Systemic Inflammation, Elevated hs-CRP, and Oral Bacterial Pathogens Decrease After Two Years of Natural Dental Health Treatments: A Case Study

Heart Disease Begins in the Mouth High sensitivity C-reactive protein (hs-CRP) is the most clear, quantifiable, and readily accessible marker of the oral-systemic connection. We present a case study of an otherwise healthy 62-year-old woman with elevated hs-CRP who had abundant numbers of pathogenic oral bacteria. A natural dental health treatment over two years lowered hs-CRP and lowered oral pathogens. Given the links between oral disease, inflammation, and heart disease, it is wise to ...
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How do you speak Joint/Musculoskeletal Health and Periodontal Disease to your patients?

Dr McGlennen: Like periodontitis, rheumatoid arthritis (RA) is a chronic inflammatory condition.  But unlike periodontitis, where the genesis of the inflammation is the complex infections in the gingival sulcus, the cause of RA is unknown.  Recent studies, however, provide insights that, in part, oral bacteria play a role in evoking an abnormal immune response that then leads to joint disease.  In a recent meta-analysis of 21 separate studies, there was a significantly increased risk of peri...
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Interview with Jessica Clarke, RDH

Dr McGlennen: Let’s talk about how you use OralDNA® salivary diagnostics in your practice. Jessica Clarke RDH: We are currently using the OralDNA® MyPerioPath® test as standard protocol for all active non-surgical periodontal treatment in our office. Dr McGlennen: What are the top two things you consider when selecting a patient for testing? Jessica Clarke RDH: We stick with the traditional signs of periodontal disease (PD) such as bleeding gums, and when we review the patient’s med...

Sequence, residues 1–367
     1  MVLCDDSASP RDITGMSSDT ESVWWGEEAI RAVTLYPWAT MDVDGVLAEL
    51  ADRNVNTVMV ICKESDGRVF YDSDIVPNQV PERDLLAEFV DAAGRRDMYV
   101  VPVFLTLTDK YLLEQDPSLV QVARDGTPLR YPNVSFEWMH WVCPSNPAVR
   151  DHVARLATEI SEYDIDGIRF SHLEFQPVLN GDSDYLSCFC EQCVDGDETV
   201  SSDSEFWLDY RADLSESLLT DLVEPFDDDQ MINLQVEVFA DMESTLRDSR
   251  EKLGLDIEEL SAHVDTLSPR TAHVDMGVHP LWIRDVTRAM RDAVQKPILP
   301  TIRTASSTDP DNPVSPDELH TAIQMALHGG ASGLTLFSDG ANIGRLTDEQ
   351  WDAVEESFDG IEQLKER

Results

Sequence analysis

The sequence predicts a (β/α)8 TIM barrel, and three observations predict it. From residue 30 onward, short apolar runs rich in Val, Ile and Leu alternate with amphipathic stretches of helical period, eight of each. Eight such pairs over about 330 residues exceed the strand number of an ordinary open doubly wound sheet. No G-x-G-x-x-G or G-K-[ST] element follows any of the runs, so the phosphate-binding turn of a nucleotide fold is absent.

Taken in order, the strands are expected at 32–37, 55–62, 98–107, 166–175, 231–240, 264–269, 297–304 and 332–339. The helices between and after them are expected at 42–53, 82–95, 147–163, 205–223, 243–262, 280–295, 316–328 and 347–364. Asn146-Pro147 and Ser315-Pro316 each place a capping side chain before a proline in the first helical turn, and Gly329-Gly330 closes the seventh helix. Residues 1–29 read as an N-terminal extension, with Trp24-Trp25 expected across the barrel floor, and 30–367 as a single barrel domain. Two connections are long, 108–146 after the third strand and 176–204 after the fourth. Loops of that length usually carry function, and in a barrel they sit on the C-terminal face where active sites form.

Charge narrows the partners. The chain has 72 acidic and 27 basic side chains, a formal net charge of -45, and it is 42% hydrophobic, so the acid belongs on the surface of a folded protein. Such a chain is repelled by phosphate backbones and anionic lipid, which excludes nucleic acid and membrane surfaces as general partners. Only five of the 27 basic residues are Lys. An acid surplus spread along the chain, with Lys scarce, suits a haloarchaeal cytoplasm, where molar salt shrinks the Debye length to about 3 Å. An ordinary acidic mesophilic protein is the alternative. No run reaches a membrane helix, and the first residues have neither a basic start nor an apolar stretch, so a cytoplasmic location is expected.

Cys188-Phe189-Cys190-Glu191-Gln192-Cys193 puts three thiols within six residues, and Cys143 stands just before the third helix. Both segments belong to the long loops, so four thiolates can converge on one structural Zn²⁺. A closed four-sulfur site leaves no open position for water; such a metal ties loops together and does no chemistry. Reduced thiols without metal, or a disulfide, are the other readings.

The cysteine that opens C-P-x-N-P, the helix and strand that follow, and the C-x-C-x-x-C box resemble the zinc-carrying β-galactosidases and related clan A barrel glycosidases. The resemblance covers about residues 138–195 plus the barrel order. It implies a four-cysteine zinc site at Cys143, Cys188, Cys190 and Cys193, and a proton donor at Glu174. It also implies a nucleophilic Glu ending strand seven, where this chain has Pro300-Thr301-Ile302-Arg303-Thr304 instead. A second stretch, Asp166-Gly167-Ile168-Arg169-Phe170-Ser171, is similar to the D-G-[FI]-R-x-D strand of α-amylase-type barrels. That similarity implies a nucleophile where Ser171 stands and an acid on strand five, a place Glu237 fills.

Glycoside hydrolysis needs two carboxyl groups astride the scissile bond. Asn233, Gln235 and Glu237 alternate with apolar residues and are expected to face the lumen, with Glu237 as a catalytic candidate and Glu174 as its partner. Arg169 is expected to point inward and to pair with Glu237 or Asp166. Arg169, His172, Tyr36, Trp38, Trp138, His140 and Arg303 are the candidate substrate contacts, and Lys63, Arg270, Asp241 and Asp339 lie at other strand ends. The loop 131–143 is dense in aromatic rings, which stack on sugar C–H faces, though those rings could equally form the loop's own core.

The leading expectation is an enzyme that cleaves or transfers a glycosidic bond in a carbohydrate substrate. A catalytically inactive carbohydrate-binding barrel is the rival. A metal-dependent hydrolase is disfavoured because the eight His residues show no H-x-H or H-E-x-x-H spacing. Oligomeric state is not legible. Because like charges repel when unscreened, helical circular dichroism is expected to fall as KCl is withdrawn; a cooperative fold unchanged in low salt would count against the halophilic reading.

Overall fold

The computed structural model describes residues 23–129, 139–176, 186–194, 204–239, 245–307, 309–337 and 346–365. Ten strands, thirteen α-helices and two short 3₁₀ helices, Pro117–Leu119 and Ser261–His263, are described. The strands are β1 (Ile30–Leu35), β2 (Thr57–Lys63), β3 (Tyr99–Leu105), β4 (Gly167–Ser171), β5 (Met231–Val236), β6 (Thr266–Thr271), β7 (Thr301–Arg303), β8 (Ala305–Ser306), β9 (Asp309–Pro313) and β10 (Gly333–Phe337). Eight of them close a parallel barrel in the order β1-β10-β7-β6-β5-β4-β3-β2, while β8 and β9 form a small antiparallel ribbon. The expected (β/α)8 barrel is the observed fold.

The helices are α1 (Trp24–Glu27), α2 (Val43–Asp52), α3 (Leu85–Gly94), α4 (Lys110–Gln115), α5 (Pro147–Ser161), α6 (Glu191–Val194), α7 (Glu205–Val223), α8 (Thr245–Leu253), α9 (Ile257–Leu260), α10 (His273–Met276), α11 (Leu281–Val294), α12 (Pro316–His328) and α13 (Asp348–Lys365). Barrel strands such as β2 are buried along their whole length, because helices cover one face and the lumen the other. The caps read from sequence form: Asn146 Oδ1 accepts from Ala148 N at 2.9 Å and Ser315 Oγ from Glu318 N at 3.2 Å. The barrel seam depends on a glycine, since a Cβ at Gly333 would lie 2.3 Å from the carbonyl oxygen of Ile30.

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How do you speak Cardiovascular Disease and Periodontal Disease to your patients?

Dr McGlennen: There is consensus within the medical and dental community that periodontal bacteria contribute to the initiation, progression and prognosis of cardiovascular disease. From key studies, including prospective, retrospective and even meta-analysis studies, persons with untreated periodontal infections have up to a 20% increase in their risk of coronary vascular disease.1 The multiple of risk for stroke (1.74-2.85 fold) and peripheral vascular disease (1.41-2.27 fold) is equal or ...
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How do you speak Risk of Cancer and Periodontal Disease with your patients?

    Dr McGlennen: Cancer is a word that receives a lot of attention. There are walks, runs and bike rides every day to raise awareness of various types of cancers and billions of dollars are spent on research directed to improve diagnosis and treatments. As health care professionals, we should perform a cancer risk assessment for each patient with a goal to reduce the patient’s risk and to find cancers earlier when cure is more likely. One way that the dental office can contr...